Late summer is fruit fly season in my house.  All those beautiful summer fruits we love so much this time of year bring with them some baggage – fruit flies!  These uninvited visitors soon become a nuisance in the kitchen and I like to help them pack up and move on their way.  And, I have a cheap, non-toxic way to do so – a homemade fruit fly trap.  I make mine with simple items I already have in the house, so it’s a time saver, too.

Fruit Fly Trap Materials:

  • Glass jar (canning jar or a clean, wide-necked jar out of the recycling)
  • Household funnel (narrow neck)
  • Pieces of fragrant fruit (or pit or peel)

To assemble my trap, I place a piece of fragrant fruit in the canning jar, put the funnel upside down into the jar opening, and put it on my kitchen counter where fruit flies seem to be congregating (usually near our fruit bowl or by the kitchen sink), then voilà! Fruit flies are attracted to the fruit, crawl down into the trap, then become trapped inside because they can’t figure out how to get back out of the narrow funnel opening. 

Once a day I walk the trap outside, release the fruit flies, and dump the fruit in the compost bin.  I then wash the jar out and set up the trap to repeat the next day. I usually do this in the morning when I’m making breakfast or packing lunch – I’m already cutting up fruit then anyway so it’s easy to pop a peach pit or some cantelope rind in the jar at the same time.  If you don’t have a funnel, you can roll up a piece of paper into a cone shape so there is a narrow opening at one end, tape it in place, then set that down into the opening of the jar.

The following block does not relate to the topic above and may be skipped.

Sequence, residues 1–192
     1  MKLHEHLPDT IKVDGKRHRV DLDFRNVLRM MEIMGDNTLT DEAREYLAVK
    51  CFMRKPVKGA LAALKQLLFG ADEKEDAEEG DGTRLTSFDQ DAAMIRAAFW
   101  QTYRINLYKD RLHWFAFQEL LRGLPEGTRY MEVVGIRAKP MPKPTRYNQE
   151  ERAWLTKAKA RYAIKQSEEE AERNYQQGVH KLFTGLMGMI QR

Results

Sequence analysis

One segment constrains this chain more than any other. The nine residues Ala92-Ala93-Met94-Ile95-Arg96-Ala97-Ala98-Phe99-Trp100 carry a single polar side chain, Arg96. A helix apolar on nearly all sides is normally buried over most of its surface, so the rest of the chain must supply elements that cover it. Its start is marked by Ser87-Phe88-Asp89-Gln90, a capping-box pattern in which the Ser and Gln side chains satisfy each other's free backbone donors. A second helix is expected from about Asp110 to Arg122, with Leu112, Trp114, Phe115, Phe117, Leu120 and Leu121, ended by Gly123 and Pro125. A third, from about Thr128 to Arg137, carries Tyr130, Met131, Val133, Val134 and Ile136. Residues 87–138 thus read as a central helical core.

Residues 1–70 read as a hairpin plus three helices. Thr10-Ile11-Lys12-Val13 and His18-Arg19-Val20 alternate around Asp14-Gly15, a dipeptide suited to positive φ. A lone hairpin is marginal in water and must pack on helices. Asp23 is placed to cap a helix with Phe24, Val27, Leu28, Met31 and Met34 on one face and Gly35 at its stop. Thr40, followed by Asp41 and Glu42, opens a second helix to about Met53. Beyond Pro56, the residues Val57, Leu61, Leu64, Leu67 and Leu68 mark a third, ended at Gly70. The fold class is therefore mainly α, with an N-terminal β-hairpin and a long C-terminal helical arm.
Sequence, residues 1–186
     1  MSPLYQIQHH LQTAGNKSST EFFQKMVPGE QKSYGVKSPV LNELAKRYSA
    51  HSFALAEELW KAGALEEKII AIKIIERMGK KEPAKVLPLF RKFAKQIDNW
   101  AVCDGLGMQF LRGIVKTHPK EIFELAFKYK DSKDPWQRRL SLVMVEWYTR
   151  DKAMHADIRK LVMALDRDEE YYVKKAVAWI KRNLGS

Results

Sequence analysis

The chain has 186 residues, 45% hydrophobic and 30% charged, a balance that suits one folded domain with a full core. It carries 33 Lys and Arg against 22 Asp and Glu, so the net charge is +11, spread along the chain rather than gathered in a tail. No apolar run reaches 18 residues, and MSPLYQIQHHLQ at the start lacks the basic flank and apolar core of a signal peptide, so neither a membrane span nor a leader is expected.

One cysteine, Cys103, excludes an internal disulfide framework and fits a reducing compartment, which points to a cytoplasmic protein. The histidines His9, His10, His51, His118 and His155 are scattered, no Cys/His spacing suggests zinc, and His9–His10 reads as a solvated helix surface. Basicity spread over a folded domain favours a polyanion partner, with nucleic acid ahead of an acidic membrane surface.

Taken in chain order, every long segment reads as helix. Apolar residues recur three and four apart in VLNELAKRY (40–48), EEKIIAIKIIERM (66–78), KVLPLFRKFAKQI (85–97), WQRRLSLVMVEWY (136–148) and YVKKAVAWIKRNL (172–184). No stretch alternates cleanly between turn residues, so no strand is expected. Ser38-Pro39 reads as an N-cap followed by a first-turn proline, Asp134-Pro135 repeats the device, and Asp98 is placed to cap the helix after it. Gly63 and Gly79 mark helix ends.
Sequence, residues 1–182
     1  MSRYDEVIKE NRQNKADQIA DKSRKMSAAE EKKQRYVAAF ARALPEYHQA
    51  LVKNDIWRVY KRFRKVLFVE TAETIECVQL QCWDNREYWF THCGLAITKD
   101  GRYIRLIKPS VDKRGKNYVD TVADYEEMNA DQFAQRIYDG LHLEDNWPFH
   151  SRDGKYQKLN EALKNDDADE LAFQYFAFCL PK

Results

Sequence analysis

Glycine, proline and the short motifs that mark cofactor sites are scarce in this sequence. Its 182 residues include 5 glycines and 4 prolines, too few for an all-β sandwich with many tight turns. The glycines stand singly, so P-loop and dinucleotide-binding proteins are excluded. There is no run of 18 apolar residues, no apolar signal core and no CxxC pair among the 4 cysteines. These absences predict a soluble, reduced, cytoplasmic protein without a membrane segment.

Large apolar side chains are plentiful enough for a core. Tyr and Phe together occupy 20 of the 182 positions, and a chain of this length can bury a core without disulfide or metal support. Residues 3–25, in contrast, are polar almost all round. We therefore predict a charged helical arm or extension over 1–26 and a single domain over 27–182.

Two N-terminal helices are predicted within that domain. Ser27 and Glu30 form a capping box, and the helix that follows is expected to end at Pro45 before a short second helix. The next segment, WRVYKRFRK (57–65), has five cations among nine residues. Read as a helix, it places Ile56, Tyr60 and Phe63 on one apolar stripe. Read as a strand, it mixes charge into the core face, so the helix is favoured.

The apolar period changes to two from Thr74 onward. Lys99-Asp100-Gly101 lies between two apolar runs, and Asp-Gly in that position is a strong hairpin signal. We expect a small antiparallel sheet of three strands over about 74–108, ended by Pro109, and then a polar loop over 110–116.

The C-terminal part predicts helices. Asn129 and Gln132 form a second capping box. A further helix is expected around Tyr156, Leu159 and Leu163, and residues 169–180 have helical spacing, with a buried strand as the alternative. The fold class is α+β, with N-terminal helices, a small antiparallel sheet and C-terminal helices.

The fruit flies in my house seem to be most attracted to cantaloupe, peaches, nectarines, lemons, and banana peels.  Sometimes when I have a group that seem finicky and avoid the trap when I use those fruits I switch things up and use a little vinegar or wine in the jar instead.  That can sometimes clear out the stragglers.

Over the years I’ve learned that effective fruit fly control also means being a bit more tidy and clean in the kitchen (I somewhat reluctantly admit this, not being an overly eager housekeeper). When we empty and clean our under-the-sink compost bucket every day, wipe down kitchen counters and under the sink regularly, keep dirty dishes out of the sink, and transfer ripe fruit to the refrigerator during the summer, it helps keep down the number of fruit flies I need to trap.

Nancy Uding is the Program Director at Toxic-Free Future.

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